Looking ahead, we believe it’s likely the next few months will remain very difficult for the Chinese consumer industry, especially catering and retailing.


Company results take a hit

It won’t be until the next results season that we see all this truly reflected in company earnings. However, the challenging operating environment shone through even in Q1 results.

To give two examples, cosmetics company Estée Lauder* and luxury group Kering* both flagged issues with their Chinese operations.

Estée Lauder cited supply issues in their distribution hub in Shanghai and had to cut full year guidance. Kering’s Gucci brand sales slowed more than expected as its stores in affected cities witnessed sharp drops in traffic, on top of logistics disruptions.

Companies’ overall tones are optimistic about the outlook for Chinese demand rebounding when lockdowns ease. Before then however, there is likely pain to come in Q2’s results.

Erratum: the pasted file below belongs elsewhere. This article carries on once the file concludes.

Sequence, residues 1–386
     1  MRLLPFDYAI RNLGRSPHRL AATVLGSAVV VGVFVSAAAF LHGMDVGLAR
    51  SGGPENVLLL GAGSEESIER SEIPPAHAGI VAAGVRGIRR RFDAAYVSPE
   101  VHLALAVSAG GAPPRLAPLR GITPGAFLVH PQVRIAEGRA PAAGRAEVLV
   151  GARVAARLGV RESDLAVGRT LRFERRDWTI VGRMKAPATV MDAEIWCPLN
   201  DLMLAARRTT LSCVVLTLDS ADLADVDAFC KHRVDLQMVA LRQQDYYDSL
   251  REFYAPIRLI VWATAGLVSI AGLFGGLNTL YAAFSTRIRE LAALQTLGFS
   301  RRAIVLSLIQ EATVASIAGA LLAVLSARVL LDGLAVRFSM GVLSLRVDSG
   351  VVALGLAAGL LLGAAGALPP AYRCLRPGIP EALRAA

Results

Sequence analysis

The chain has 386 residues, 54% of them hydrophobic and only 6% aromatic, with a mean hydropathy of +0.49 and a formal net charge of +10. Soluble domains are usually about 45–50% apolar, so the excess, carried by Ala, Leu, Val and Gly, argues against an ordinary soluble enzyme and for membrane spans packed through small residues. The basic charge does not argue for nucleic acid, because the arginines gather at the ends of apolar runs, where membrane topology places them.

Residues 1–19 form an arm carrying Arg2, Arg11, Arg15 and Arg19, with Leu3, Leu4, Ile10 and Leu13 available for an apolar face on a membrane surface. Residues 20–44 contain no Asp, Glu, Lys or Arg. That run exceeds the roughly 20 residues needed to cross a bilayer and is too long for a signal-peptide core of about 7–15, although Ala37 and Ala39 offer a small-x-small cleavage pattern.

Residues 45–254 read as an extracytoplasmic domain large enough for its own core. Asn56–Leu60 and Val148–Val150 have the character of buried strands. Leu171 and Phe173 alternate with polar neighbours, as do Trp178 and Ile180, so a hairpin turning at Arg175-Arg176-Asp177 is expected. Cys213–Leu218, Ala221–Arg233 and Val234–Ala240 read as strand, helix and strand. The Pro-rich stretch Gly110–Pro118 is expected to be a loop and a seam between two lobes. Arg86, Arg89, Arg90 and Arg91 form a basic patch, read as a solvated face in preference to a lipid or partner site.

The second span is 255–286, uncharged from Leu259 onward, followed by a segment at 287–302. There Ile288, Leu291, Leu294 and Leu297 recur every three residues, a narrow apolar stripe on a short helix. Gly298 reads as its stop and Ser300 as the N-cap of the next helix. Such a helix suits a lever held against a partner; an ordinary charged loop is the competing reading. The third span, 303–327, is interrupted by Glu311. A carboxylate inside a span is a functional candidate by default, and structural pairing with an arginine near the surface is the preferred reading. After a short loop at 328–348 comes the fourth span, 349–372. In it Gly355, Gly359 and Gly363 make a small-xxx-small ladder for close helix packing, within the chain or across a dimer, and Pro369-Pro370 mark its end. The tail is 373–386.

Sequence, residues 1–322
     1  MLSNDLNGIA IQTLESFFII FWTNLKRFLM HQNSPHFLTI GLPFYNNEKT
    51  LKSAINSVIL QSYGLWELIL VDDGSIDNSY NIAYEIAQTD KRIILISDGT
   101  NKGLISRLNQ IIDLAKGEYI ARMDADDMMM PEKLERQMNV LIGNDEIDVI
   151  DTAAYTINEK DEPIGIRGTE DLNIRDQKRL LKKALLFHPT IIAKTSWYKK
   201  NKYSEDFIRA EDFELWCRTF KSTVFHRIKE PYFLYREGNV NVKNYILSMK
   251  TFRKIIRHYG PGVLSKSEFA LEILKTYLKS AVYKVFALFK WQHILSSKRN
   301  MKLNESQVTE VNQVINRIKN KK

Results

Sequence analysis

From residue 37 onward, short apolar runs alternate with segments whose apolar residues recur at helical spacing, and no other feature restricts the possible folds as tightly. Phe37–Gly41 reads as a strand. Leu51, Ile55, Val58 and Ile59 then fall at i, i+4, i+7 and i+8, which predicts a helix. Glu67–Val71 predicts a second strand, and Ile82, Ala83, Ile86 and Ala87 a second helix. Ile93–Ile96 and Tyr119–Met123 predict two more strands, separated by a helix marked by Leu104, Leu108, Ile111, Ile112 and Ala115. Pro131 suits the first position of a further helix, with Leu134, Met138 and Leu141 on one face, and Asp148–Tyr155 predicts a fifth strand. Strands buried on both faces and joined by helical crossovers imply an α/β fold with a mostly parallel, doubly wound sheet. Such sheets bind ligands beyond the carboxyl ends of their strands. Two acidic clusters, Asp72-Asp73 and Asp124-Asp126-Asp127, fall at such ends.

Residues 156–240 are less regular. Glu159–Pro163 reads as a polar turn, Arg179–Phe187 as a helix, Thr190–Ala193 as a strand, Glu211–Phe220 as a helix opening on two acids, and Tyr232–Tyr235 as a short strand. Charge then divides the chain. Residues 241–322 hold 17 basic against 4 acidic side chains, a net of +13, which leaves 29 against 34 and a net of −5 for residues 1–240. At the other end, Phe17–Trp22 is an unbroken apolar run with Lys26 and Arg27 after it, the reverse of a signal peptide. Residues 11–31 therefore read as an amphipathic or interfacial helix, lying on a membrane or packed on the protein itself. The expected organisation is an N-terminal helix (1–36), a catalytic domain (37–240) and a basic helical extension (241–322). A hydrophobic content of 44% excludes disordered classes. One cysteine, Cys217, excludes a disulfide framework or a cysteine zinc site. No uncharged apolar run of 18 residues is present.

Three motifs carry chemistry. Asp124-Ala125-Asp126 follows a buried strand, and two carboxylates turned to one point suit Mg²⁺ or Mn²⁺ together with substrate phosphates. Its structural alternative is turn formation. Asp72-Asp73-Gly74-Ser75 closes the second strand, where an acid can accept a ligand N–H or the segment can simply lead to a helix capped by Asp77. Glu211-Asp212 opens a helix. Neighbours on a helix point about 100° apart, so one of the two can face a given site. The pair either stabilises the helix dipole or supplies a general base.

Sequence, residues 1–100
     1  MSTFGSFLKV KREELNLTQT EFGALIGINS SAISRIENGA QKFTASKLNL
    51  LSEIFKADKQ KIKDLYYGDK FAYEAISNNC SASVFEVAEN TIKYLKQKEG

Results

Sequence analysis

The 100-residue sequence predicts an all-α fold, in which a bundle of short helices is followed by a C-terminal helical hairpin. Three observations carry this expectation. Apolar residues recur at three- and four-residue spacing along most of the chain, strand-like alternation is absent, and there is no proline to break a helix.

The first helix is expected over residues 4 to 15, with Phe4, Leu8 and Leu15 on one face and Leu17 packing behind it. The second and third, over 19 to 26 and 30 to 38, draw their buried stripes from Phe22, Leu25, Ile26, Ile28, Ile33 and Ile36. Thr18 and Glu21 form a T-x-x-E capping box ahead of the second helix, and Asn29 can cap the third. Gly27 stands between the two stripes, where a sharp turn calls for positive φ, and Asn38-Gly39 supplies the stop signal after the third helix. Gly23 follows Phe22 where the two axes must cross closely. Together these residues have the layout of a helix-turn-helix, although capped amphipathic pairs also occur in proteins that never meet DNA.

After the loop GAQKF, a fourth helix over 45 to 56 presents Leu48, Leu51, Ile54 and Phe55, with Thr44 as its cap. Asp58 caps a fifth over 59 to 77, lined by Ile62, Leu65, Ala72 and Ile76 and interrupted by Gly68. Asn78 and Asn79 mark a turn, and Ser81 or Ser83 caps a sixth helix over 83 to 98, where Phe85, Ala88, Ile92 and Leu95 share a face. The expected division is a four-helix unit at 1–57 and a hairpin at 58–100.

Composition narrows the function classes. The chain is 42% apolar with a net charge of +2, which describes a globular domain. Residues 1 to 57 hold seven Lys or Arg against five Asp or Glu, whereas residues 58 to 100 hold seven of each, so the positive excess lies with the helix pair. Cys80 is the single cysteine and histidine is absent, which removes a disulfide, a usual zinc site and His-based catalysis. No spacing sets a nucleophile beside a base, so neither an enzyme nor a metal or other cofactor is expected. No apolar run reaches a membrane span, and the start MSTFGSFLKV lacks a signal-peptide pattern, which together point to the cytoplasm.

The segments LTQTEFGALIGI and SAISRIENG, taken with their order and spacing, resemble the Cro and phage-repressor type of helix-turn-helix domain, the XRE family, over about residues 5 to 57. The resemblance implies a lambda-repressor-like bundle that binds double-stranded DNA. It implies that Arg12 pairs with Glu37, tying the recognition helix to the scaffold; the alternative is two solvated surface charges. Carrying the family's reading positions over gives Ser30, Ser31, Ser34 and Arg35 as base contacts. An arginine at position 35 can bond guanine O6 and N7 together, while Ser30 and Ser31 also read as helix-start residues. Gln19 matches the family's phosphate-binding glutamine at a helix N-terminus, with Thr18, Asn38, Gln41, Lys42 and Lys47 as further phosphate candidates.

Falling valuations

Valuation multiples have come down in reaction to the outbreak. Once the market is convinced that China is to re-open fully, it’s possible the discretionary sector will experience a rapid valuation re-rating, although any improvements to the fundamentals could take longer.

This means it’s crucial to closely monitor case data and policy responses for incremental signals of market re-opening. So far, the signals are becoming increasingly more positive – but there’s a long way to go.


‘Zero COVID’ to continue

It became clear at April’s Politburo meeting that the Chinese government is determined to stick to its ‘zero COVID’ strategy.

However, there are signs it is scaling back some of the more draconian measures that could hamper an economic recovery. On June 1, we saw steps towards re-opening in Shanghai, as well as supportive financial policies for businesses and consumers.

The government appears to have realised it needs to work with, not against, Chinese internet platforms for economic recovery. These companies have had a tough time recently, whipsawed by changing market views on whether or not the authorities are clamping down on them. Yet in the more virtual post-pandemic world we now live in, these companies are likely to all have essential roles.